But COVID-19 raises a number of questions, the most important being that very little is known about the disease. Will the release of a country from economic lockdown lead to a resurgence in the number of infections, forcing the government to return to more restrictive measures, or will the incidence of the pandemic continue to decrease, as a growing percentage of the population develops immunity?  Or will COVID-19 only be eradicated through the development of an effective vaccine, however long may that take?

What is definitely the case at present is that, while the virus still is present in the general population, a return to the world as it existed prior to January 2020 is unlikely. The wheels of business will begin turning again, but under restrictions that ensure continued social distancing, hygiene and safety standards, and the disinfection of both workplaces and products.

The rare Tutti-Frutti bracelet, which was sold by Sotheby’s on an online auction for $800,000.


For the luxury industries, including the diamond and jewelry sectors, operating businesses during a world health crisis, is particularly challenging. While major economies are resuming activity, the economic effect of the more than two months of inactivity have yet to be measured. Nonetheless, many economists believe that a worldwide recession is inevitable, and that surely will impact on consumers’ disposable income. 

On the other hand, diamond jewelry has long had a habit of bucking the trend, for several reasons. One is the popular perception that a natural diamond is a store of value, and during times of uncertainty that is a sought-after characteristic. Second, diamond jewelry has a built-in safety-net, which is matrimonial jewelry. 

 Crises come and go, but during times of trouble, just like during times of plenty, people get married. And, when they do, they buy diamonds.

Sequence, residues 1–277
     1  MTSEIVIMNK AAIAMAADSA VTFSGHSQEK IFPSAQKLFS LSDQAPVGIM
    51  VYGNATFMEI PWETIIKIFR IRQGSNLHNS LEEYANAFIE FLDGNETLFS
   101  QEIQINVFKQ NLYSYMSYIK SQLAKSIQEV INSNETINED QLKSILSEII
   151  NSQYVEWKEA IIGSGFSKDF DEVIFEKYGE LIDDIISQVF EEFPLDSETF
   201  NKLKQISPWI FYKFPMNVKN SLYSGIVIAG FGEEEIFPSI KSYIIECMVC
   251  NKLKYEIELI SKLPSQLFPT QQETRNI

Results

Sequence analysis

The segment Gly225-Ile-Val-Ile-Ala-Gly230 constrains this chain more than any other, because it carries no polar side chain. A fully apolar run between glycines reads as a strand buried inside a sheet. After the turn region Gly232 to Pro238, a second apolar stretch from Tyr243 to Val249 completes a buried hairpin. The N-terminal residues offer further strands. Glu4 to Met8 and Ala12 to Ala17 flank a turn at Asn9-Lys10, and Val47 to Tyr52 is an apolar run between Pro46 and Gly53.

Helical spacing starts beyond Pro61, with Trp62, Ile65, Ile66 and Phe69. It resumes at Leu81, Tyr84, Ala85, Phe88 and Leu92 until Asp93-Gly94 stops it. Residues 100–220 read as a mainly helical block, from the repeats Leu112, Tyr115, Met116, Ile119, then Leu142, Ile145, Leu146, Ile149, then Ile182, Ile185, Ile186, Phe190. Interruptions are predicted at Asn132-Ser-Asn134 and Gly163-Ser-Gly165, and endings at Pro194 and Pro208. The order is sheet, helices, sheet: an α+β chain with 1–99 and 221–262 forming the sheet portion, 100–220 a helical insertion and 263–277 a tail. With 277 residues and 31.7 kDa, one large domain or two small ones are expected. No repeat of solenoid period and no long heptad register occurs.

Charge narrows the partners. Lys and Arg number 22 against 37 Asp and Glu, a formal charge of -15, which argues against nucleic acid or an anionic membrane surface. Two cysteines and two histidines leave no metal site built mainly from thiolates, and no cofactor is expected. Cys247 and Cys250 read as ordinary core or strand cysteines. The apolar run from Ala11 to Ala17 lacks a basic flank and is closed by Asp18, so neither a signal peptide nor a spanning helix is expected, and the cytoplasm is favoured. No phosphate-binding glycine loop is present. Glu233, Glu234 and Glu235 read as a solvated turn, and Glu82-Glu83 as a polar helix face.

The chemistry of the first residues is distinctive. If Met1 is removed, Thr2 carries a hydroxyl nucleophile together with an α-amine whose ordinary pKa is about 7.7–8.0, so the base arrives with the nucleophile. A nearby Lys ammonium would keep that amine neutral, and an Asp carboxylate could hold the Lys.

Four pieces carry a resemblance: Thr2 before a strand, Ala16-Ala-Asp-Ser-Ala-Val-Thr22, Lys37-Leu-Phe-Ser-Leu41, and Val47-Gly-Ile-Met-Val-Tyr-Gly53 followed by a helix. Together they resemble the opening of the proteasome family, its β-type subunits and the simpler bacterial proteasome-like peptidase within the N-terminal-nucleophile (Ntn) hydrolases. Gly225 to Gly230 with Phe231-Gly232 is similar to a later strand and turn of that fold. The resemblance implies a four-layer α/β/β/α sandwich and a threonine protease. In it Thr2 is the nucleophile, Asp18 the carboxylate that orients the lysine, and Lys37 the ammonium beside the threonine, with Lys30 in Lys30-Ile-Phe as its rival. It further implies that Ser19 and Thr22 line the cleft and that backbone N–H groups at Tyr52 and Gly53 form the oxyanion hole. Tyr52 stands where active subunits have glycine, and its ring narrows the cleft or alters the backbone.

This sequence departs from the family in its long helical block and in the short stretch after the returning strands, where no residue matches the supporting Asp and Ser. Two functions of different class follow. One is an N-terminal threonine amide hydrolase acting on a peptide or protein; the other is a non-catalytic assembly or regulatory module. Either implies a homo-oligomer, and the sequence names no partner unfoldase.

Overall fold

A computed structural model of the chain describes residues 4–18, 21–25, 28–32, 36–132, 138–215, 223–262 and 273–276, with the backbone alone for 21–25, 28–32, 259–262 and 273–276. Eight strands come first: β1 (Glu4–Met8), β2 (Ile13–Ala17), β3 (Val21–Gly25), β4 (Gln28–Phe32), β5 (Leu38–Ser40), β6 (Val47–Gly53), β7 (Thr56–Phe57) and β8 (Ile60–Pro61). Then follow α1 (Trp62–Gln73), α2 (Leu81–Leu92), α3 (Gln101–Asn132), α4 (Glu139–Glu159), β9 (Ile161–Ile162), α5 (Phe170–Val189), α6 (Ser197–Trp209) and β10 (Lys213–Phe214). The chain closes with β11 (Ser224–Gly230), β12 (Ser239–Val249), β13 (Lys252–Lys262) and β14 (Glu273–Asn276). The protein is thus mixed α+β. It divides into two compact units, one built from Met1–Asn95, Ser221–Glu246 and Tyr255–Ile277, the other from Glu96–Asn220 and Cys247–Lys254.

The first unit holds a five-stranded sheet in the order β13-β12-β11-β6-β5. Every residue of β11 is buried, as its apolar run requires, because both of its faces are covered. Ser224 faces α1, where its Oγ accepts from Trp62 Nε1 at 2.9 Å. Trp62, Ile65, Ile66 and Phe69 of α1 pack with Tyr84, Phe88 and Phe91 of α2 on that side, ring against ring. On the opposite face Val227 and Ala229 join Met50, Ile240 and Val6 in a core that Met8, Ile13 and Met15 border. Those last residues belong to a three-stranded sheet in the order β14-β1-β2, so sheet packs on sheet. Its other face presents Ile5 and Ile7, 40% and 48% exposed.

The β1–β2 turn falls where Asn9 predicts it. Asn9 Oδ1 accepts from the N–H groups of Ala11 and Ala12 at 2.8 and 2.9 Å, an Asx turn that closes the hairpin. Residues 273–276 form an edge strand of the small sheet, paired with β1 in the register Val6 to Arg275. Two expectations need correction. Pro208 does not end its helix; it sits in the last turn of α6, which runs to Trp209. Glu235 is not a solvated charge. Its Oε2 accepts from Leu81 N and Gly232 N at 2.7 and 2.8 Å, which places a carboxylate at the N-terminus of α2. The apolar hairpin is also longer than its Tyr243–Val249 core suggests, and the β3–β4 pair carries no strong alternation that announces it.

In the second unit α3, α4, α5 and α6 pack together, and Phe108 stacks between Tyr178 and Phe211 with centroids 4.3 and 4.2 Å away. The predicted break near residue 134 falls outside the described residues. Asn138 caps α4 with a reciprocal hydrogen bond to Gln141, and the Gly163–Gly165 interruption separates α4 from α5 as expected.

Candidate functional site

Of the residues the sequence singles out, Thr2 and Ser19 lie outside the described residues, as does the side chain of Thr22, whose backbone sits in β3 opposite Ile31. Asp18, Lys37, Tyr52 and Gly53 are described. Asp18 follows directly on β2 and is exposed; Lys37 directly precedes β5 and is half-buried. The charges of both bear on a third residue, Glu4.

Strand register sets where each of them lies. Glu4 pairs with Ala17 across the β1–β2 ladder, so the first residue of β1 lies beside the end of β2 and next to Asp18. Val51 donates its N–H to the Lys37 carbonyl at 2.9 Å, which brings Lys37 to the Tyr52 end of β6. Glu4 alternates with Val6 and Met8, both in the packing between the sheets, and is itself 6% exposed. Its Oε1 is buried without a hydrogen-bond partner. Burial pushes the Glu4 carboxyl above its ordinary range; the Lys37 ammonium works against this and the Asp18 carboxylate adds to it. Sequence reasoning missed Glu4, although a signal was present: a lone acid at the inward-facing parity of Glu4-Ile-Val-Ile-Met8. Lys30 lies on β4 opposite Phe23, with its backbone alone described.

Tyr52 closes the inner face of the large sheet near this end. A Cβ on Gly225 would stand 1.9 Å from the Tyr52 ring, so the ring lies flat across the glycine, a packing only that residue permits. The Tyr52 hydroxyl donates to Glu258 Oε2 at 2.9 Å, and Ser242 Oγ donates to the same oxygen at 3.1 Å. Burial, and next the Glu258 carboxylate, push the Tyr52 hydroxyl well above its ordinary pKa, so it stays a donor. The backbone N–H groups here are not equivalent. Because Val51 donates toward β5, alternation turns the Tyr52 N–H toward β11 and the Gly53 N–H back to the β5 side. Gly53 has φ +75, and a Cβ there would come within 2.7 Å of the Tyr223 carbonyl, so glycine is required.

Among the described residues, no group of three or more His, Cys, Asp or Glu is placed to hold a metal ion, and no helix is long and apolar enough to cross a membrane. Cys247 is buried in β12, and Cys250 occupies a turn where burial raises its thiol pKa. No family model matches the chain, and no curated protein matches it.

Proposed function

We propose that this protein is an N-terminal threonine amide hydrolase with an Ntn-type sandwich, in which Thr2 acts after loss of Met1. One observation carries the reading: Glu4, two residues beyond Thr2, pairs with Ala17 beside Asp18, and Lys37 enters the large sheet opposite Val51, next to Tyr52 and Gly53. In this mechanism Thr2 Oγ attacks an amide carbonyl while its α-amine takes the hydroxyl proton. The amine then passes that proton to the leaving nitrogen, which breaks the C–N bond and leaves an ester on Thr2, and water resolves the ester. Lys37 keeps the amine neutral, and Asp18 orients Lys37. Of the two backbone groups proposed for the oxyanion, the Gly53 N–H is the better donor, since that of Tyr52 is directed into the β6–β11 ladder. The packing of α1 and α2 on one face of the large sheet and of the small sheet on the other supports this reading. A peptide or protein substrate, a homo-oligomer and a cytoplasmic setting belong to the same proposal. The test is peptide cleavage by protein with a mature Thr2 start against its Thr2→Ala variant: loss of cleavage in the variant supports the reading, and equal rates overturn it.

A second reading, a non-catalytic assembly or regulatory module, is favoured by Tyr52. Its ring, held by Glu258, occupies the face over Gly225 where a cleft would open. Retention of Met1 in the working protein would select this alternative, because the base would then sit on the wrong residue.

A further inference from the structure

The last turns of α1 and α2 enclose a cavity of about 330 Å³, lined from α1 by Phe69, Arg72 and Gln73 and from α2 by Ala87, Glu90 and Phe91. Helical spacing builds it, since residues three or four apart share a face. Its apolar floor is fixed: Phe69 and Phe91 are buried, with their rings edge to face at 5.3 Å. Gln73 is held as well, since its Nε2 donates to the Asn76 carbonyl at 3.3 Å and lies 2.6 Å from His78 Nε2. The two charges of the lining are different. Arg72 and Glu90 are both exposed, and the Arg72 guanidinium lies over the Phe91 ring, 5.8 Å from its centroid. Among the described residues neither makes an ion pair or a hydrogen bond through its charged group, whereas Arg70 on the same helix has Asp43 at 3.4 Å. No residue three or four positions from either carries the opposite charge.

Anecdotal evidence suggests that, despite the trauma many have experienced, parts of the public at least have not lost their appetite for fine quality diamonds. The auction house Sotheby’s, which as a result of the lockdown was forced to cancel a large number of public events, has reported encouraging results from online sales of jewelry. This includes a rare Tutti-Frutti bracelet, which was due to be sold at a live auction in New York, but instead was sold online for $800,000.

Sotheby’s has run four online sales since the beginning of March, and in general they exceeded the company’s expectations. In total, the sales collectively brought in $6.1 million, more than the high estimate of $5.7 million.

“Clients are sequestering at home and, generally speaking, are leading relatively dreary lives,” said Catherine Becket, a specialist at Sotheby’s in charge of the Magnificent Jewels sales series. “They’re wearing their big diamonds inside their homes because it brings joy.”

“Everyone is waiting for this to be over,” she continued, “and I suppose knowing that a million-dollar piece of jewelry is waiting for you is a fulfillment of when things return to the new normal.”